THE state government’s UrbanGrowth agency says its four potential visions for Newcastle ‘‘reimagine the city centre as an enhanced destination, supported by new employment, educational and housing opportunities and public domain, that will attract people’’.
I’m not sure who else they were looking to attract – water rats, perhaps? – but the four ‘‘opportunities’’, as UrbanGrowth describes them, are big on glossy artist’s impressions and motherhood statements, and somewhat short on concrete detail.
The agency is inviting the public into a six-week ‘‘conversation’’ between now and September 18, but after two days of trying, the Newcastle Herald is still seeking detailed answers to some major questions.
The first of these is the implied linkage between the sale of corridor land and the creation of public infrastructure.
On one hand, there is nothing surprising about proposed development on the rail corridor. But to link those land sales to the construction of key infrastructure, as UrbanGrowth appears to have done with each of its four ‘‘opportunities’’, puts a whole new spin on matters. Look at it this way.
The Honeysuckle precinct was established in 1992 with $100million of federal funding through the Keating government’s Building Better Cities program. The state agency running Honeysuckle is supposed to be self-funding from the sale of land, but money has been tipped in through various state budgets since then to keep things going.
Admittedly, there was a lot of remediation work early on, and the workings of old coalmines under some Honeysuckle sites are still being filled or ‘‘grouted’’ today.
But Google Earth shows about 18 new buildings on Honeysuckle, along with the two refurbished Lee Wharf structures and the overhaul of the historic railway buildings that are now the home of Newcastle Museum.
That’s not a huge amount of building in 23 years and while the Hunter Development Corporation and the earlier Honeysuckle Development Corporation might have deliberately staggered their land releases, Newcastle can only absorb so much new real estate at any time.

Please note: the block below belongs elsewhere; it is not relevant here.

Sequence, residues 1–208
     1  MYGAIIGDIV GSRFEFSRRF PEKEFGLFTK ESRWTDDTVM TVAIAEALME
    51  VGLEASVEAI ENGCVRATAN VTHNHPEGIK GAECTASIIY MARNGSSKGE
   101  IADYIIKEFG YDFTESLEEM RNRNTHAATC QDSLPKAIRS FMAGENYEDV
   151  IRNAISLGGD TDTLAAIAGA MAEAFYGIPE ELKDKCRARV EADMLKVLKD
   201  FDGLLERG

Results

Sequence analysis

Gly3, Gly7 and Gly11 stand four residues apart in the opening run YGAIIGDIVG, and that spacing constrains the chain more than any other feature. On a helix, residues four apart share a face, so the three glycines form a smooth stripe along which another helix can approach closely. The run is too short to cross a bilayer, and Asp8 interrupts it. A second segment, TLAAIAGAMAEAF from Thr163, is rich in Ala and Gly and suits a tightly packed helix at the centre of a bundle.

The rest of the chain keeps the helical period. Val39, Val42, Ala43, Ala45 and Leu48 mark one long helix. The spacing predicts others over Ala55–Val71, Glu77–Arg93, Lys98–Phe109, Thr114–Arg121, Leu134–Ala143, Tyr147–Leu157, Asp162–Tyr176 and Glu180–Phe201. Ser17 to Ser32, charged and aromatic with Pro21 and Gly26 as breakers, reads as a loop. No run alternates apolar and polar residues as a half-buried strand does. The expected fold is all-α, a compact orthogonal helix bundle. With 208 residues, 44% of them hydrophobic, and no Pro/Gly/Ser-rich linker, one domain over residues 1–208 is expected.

The flashiest of the UrbanGrowth “opportunities” – the “Harbour Entertainment City” or number four – has 15 development sites along the corridor, starting with six at Honeysuckle and finishing with one adjoining the western end of Newcastle railway station. It could easily take 20 years to sell and develop those sites under normal market conditions.
The state government has already confirmed it needs to borrow to fund the billions of dollars in infrastructure it is pouring into Sydney. If the Newcastle project is more expensive than first thought because of the light rail running down Hunter Street, the government should borrow the extra funds, if it needs them, rather than apparently intending to raise the money through land sales.
The more the government puts into the project, the greater the value of the land it decides to sell. The corridor crossings and the rebirth of Newcastle rail station are projects that need doing immediately.
From another angle, UrbanGrowth’s plans may also have implications for the city’s bus service. The Newcastle rail station bus depot goes to an unspecified location in the “West End” in options three and four, which also show a “potential bus layover” on the rail corridor between Merewether and Argyle Streets.
Merewether and Argyle are hardly in the West End, but either way, would the bus services still run all the way to Watt Street, as they do now, or would they end in Newcastle West, forcing all public transport passengers onto the light rail?
The answers to these and other questions will emerge in time but if there’s even a chance of bus services receiving a heavy rail-style truncation, then the government should come clean on it right now. By breaking its plans into three separate components – the Wickham interchange, the light rail and the revitalisation plans unveiled on Monday – the government is making it harder than it otherwise might be to grasp the ‘‘big picture’’ implications of the changes.
That would be unintentional, surely?